The Minnesota Women in Energy series highlights influential women who are part of our state’s energy efficiency and renewable energy industries. CERTs is highlighting these leaders during the month of March in 2016, which is Women’s History Month.
As part of the series we interviewed Brandy Toft, Air Quality Specialist and Green Team Co-Lead with Leech Lake Band of Ojibwe, to learn more about her work, what inspires her, and how other women can get involved in the industry. Read on to learn more!
Can you tell us a little bit about what you do in the energy world in Minnesota?
I work for the Leech Lake Band of Ojibwe, a tribal sovereign government. As part of my work I am Co-Lead of the Band’s Green Team, a group of people from many parts of the Reservation, to identify sustainable solutions and projects for the Reservation. We are doing solar furnaces with Rural Renewable Energy Alliance (RREAL) in Pine River and we have installed or influenced installation for three government buildings and seventeen residences. The Band has just entering into a plan to improve energy efficiency with the GESP program and benchmarking government buildings with B3. This information could save the Band almost a million dollars in energy savings and significantly decrease our carbon footprint.
How did you get into this work?
The main focus of my job is air quality. Improving air quality is finding the best way to reduce carbon emissions by practicing conservation. I have always had a drive, to say, “Hey, let’s not be wasteful,” and so my work has come from that belief.
What is a typical day like for you?
I cover everything from issues like mining to reviewing Title V permits for major facilities to measuring indoor air quality to forecasting. We recently spent a day in Red Lake assisting them with their indoor air quality assessments. There really is not an average day for me—that is what makes it so interesting.
What are the best and worst parts of your job?
The best part is that I get to work with and assist Leech Lake Tribal Members. That is the reason I choose to work here over working anywhere else. You are in the community, you are working with the community, and you are seeing the results here. There is no typical day. Sometimes you crave that for about a minute and then you are on to the next thing. Nothing is monotonous. The worst? There are frustrations, but I take the good with the bad.
What about your job inspires you?
It’s inspiring that I can do so many things and work with the community. Commenting on Title V permitting is very boring. It is very technical. It takes a lot of know-how to get down to the nitty gritty. But then I get to go into someone’s house and show them five things that they can do right now to improve their life immediately. Or teaching someone how to compost so that methane isn’t coming out of that landfill anymore. It’s inspiring when you realize that these small discoveries will have greater repercussions than you can understand.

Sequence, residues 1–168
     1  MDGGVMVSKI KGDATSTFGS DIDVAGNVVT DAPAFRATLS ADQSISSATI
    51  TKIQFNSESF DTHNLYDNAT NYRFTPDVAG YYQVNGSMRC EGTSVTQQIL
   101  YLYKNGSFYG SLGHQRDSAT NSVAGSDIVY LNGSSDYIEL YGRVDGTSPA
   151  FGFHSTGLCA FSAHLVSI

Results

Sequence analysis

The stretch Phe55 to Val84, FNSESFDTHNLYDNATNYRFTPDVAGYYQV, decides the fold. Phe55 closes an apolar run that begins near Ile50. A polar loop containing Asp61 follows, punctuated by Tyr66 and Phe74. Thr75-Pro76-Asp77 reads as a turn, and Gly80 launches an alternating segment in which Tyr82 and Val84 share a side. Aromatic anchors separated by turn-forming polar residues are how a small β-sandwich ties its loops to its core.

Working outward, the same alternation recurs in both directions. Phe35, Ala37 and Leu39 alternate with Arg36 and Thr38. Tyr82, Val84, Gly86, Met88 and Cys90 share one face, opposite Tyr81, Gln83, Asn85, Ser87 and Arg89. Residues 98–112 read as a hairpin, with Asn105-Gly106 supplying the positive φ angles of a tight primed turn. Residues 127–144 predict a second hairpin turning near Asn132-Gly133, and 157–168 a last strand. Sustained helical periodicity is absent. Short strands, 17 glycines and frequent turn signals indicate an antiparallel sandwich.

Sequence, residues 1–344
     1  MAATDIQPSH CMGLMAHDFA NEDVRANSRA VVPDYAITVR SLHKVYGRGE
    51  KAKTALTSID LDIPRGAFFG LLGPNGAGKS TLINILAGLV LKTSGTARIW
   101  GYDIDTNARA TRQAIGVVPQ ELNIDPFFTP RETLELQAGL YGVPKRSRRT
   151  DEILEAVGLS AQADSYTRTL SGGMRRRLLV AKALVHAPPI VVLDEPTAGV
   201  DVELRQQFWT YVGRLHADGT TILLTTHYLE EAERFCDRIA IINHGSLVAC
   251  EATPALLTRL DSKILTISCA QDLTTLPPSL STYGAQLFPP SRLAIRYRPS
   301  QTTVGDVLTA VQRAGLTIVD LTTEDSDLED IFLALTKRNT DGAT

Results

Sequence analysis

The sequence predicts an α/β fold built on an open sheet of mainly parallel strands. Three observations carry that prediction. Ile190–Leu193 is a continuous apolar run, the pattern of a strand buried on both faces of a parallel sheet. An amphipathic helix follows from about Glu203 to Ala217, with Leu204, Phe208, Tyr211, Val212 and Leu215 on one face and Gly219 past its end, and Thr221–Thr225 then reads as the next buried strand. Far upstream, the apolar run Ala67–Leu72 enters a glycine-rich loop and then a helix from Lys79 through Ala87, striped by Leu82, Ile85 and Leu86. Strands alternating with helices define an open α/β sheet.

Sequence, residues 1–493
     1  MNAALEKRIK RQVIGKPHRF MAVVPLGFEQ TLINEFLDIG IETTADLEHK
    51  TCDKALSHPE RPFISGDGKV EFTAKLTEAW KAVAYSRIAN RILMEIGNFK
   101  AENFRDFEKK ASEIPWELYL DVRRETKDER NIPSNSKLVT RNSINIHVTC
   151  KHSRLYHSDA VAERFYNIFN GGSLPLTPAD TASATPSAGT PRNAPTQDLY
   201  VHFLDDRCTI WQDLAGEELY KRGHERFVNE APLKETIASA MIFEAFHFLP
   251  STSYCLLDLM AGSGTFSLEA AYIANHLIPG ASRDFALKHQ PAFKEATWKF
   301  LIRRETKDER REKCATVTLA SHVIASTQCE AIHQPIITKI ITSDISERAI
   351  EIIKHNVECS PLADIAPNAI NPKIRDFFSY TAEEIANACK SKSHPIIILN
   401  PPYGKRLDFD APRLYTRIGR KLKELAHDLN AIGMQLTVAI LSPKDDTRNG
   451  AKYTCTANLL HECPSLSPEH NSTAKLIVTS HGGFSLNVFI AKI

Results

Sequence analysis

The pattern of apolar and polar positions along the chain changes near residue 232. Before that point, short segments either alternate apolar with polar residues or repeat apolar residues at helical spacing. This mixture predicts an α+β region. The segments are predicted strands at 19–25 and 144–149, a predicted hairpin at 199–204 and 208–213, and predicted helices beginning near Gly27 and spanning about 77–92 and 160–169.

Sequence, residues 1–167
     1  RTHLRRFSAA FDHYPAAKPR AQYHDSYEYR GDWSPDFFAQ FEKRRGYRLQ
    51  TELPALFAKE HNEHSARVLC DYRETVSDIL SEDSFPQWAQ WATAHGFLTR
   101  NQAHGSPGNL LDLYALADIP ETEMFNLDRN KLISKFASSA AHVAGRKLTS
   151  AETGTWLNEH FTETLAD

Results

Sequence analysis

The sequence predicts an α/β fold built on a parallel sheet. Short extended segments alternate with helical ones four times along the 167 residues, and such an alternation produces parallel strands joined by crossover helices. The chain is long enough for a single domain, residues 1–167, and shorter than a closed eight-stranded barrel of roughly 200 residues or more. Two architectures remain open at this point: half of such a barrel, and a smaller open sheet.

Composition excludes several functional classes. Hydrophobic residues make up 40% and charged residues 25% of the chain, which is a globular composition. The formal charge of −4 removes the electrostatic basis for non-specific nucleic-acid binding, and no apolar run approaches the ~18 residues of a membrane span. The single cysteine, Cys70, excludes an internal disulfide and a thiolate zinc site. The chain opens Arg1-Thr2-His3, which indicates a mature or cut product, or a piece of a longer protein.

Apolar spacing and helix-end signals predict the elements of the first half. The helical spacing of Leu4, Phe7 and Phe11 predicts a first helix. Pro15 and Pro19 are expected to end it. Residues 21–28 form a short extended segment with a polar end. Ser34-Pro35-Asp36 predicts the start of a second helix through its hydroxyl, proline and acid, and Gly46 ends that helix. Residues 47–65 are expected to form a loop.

We are also involved in the “Minonjigewin: Someone is eating right / Revitalizing Traditional Anishinaabeg Connections Project,” which was funded by a Bush Grant. Part of this program is conducting community workshops to revitalize and bring the culture back together. There are different activities—canning, sewing, carving, ice fishing. It is not just kids but families and getting them back out in nature.
What advice do you have for women who are thinking about working in energy?
Train up. Get knowledgeable. Network. Know the basics and then start networking. Go to conferences, webinars, go online. Start learning and get out there because people don’t know you’re out there until you get engaged. You don’t know about funding until you start networking. Demonstrate how good of a partner you are and sell yourself as an organization or as a person.
Air Quality Specialist and Green Team Co-Lead
Brandy has worked with the Leech Lake Band Ojibwe as their Air Quality Specialist for the past 15 years. In that time she has lead the Leech Lake Air Program in obtaining and implementing a variety of air quality improvement projects and funding for: indoor air quality including radon and mold, alternative energies including solar and wind, diesel emission reductions, burn barrel mitigation, monitoring ambient air for particulate matter, mercury, dioxins, toxics, and meteorological data collection, along with serving on the Green Team. As the Green Team Co-Lead she has been involved in multiple passive solar projects, energy benchmarking and GESP, the banning of Styrofoam, community and commercial scale composting projects, energy challenges, community gardens and a local foods and food sovereignty project. With these endeavors, Leech Lake is the first Tribe to achieve status as a GreenStep Tribal Nation, Step 2. The Leech Lake Air Program has established a number of partnerships with the local communities, schools, and organizations to promote air awareness, improve air quality and assist the Reservation to become more resilient. Brandy was awarded the 2012 Virgil Masayesva Excellence Award to recognize contributions to the protection of air quality, health and the environment throughout Indian Country.
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For #wmnhist #IWD2016
mncerts</a> is highlighting 18 women leading MN's <a href="https://twitter.com/hashtag/CleanEnergy?src=hash">#CleanEnergy</a> industry! <a href="https://t.co/N6dQ6gXx6U">https://t.co/N6dQ6gXx6U</a> <a href="https://t.co/q0ZWy51Iym">pic.twitter.com/q0ZWy51Iym</a></p>— CERTs (MNCERTs) March 1, 2016
|About the Author: Kathleen McGee is a freelance writer and content strategist for environmental organizations. She can be reached at firstname.lastname@example.org.|
The Minnesota Women in Energy series highlights influential women who are part of our state’s energy efficiency and renewable energy industries during Women’s History Month.